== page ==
General Growth quarterly profit beats Street

NEW YORK Mon Jul 29, 2013 6:16pm EDT

NEW YORK (Reuters) - General Growth Properties Inc (GGP.N) said on Monday it had a 17 percent increase in a key measure of quarterly profit, beating Wall Street expectations, and said it had reached an agreement to sell its stake in a Brazilian shopping center company.

General Growth posted second-quarter funds from operations (FFO) of $267 million, or 27 cents per share, compared with $228 million, or 23 cents per share, a year ago.

Analysts on average expected FFO of 25 cents per share, according to Thomson Reuters I/B/E/S, and the company had forecast 24 cents to 26 cents per share.

FFO is a real estate investment trust performance measure that usually excludes gains or losses from property sales and removes the effect of depreciation on earnings.

The company also said it agreed to sell its stake in Brazilian shopping center owner Aliansce Shopping Centers SA (ALSC3.SA) to the Canada Pension Plan Investment Board and Rique Empreendimentos e Participacoes Ltda for about $690 million. The deals are expected to close in the third quarter.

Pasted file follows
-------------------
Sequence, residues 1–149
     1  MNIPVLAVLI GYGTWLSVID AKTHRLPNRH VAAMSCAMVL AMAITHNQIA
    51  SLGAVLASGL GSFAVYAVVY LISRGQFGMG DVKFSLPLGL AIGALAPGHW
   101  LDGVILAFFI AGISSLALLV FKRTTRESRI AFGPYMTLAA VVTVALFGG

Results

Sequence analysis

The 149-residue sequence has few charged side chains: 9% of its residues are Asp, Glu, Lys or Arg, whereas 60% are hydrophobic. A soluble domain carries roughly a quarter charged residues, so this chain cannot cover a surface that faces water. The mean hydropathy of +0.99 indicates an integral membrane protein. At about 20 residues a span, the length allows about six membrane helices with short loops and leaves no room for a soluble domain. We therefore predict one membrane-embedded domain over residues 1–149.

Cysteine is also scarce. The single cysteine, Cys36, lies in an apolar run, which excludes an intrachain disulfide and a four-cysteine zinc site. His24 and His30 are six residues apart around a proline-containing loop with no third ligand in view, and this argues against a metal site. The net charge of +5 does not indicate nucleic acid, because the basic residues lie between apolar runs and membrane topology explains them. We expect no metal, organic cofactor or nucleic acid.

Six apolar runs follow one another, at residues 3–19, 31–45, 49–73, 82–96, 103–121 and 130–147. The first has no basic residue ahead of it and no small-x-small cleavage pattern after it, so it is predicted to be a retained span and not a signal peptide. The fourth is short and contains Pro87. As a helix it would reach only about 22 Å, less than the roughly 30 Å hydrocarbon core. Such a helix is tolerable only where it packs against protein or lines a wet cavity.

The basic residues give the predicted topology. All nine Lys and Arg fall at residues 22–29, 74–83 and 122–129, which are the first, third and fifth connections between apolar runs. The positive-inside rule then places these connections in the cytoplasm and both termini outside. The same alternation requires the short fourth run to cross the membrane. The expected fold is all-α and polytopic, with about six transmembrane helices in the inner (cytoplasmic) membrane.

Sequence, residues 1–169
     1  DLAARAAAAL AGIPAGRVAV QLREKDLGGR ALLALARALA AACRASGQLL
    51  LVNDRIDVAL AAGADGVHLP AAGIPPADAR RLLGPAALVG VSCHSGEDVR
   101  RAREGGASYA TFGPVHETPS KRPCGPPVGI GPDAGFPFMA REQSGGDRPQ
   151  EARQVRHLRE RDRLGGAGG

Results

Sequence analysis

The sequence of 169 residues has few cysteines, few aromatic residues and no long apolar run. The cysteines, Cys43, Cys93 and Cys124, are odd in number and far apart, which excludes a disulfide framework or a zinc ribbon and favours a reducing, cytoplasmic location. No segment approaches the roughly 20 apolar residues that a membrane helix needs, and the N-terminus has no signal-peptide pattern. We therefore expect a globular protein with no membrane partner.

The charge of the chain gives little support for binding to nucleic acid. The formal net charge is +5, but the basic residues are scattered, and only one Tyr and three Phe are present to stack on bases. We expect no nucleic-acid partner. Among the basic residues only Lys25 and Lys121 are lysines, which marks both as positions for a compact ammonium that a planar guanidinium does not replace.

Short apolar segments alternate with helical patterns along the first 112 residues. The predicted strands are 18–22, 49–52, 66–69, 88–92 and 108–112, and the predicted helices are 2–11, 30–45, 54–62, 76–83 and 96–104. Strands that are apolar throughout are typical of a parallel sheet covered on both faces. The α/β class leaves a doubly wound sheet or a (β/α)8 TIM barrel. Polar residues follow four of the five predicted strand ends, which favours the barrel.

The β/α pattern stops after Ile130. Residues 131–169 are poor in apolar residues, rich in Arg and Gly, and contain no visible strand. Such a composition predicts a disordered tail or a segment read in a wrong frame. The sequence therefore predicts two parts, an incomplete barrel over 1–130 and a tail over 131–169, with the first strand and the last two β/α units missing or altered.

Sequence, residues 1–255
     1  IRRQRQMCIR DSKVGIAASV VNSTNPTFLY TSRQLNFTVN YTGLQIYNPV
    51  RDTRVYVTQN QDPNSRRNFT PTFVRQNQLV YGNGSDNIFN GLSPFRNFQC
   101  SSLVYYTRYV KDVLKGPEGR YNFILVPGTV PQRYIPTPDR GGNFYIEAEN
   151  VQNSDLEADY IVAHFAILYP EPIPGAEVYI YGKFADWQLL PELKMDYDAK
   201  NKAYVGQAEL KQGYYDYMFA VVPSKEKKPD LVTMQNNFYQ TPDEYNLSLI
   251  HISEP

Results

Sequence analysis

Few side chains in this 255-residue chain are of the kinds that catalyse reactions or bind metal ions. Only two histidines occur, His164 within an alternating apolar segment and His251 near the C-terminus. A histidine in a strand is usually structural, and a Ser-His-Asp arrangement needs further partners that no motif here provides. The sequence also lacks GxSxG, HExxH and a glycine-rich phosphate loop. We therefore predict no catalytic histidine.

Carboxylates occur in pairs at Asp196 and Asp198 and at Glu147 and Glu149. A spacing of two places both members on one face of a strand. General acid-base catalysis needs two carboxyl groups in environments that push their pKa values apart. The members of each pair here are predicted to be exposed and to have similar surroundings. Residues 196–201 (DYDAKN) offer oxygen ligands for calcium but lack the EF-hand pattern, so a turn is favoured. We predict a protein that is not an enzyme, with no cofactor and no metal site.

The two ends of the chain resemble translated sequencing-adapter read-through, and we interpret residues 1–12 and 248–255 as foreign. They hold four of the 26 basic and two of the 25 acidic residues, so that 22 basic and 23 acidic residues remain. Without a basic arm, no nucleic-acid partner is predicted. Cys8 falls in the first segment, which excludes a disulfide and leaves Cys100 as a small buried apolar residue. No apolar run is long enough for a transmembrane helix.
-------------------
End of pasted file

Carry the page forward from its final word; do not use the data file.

Since emerging from bankruptcy at the end of 2010, General Growth has culled its portfolio of properties down to its most productive malls. It ended the second quarter with 123 U.S. malls, down from more than 200 properties in 2010. It has pared its portfolio to its best producing malls, lifting its average rent and sales per square foot.

During the quarter, General Growth sold a 49.9 interest in both The Grand Canal Shoppes and The Shoppes at the Palazzo in Las Vegas and disposed of a strip center.

General Growth also raised its dividend for the third quarter by 1 cent to 13 cents a share, payable on Oct 29 to stockholders of record on Oct 15.

General Growth raised the lower end of its full-year FFO outlook to $1.13 to $1.15 per share from a prior forecast of $1.11 to $1.15 per share. Analysts have forecast $1.11 per share.

The company sees third-quarter FFO in the range of 26 cents to 28 cents per share, compared with Wall Street's view of 27 cents per share.

(Reporting by Ilaina Jonas; Editing by Steve Orlofsky and Ken Wills)

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